Chopin's Piano Sonata in B Flat Minor Opus 35 - Late reception 1940-1996



sonata form alone, unless one rules that "...a sonata cannot exist except in the form fixed for all eternity by certain older masters."[61] He criticises Schumann's abhorrence of the Funeral March, stating that Schumann missed the whole point of the sonata in that the Funeral March is the central core of the whole work. Like many other theorists in the twentieth century, Hedley believed that it was from the March (written two years before the other movements) that the first movement and Scherzo were derived in that it stimulated Chopin "to embody within the framework of a sonata the emotions which the vision of death aroused in him."[62]


Herbert Weinstock also attacks Schumann's critique of opus 35. He maintains that "[t]he literary-minded Schumann would have been less disturbed if Chopin had given the four separate movements coined romantic names.... Calling the B-flat minor a sonata was neither caprice nor jest: it is a sonata by Chopin."[63] From a performance point of view, Weinstock believes that if the work is played so that it sounds like four separate pieces, the fault is that of the pianist, and not Chopin. He adds that if he "...heard it played...with the complete, over-all, four-movement structural and aesthetic-emotional unity of a Mozart piano concerto or Beethoven piano sonata; then the achievement was Chopin's - and the pianists."[64] Unfortunately, Weinstock makes an error here in comparing the four-movement structure of Chopin's opus 35 with the three-movement form of a Mozart piano concerto; presumably he is attesting to the presence of the structural unity of the sonata cycle in Chopin's opus 35. In connection with the foregoing, he asserts that Chopin designed the other three movements to go with the Funeral March, and that he conceived them as belonging together. The presence of thematic interrelationships between all four movements of the sonata (as outlined in Chapters Seven and Eight) tends to support this view.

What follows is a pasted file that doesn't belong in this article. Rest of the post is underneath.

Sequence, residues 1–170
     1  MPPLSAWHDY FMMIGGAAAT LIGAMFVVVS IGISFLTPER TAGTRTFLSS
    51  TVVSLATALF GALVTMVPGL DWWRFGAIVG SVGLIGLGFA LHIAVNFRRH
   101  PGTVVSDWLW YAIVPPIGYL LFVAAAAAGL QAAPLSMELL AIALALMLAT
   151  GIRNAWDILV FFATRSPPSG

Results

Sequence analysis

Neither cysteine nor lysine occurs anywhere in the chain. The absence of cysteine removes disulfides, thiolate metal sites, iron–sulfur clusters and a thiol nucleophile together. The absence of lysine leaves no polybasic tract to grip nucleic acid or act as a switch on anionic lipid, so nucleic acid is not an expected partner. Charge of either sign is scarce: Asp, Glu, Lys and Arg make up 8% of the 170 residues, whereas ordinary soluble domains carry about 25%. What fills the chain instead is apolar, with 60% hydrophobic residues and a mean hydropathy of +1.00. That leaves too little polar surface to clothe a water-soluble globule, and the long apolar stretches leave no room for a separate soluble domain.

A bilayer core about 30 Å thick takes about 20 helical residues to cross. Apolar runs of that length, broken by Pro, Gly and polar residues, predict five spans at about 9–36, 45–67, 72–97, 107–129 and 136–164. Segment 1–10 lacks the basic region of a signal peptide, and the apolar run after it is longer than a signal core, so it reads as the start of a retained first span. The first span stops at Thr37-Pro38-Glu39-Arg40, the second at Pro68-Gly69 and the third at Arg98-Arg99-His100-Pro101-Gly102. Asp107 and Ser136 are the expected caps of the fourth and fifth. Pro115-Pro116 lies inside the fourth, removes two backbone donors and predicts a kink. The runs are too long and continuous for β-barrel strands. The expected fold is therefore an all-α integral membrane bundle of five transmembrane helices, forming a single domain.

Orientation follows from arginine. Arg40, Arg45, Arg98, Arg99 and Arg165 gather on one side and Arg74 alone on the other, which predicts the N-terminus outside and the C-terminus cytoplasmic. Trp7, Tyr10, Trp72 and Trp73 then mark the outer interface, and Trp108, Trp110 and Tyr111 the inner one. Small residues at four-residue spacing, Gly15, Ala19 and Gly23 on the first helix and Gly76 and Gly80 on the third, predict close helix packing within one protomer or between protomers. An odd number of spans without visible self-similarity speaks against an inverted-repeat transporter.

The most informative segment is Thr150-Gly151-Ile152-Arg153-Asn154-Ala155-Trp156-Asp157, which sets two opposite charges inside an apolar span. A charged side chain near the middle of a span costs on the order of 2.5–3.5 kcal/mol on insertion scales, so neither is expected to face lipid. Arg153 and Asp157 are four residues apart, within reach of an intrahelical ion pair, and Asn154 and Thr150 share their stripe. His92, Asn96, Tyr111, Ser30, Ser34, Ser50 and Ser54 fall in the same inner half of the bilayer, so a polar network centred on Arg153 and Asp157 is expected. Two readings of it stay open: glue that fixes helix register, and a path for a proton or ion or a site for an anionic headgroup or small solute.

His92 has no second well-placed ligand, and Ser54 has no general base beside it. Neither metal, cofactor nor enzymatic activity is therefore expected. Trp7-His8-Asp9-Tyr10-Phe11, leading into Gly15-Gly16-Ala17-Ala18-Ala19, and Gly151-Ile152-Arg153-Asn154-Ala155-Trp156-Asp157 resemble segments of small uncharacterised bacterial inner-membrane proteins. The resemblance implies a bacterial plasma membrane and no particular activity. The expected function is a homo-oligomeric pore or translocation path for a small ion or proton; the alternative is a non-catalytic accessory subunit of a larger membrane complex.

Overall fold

Although he does not illustrate his observation, Weinstock notes the close relation between the second subject of the first movement, the melody of the più lento section of the Scherzo, and the Trio of the Funeral March. He also highlights the importance of the manner in which the Scherzo and the Funeral March are connected, whereby Chopin ends the Scherzo with the melody from the più lento section. This, according


[61] ibid., p. 157.

[62] ibid., p. 158.

[63] Weinstock, Herbert. Chopin: The Man and His Music (New York: Alfred A. Knopf, 1959), p. 239.

[64] ibid., p. 239.


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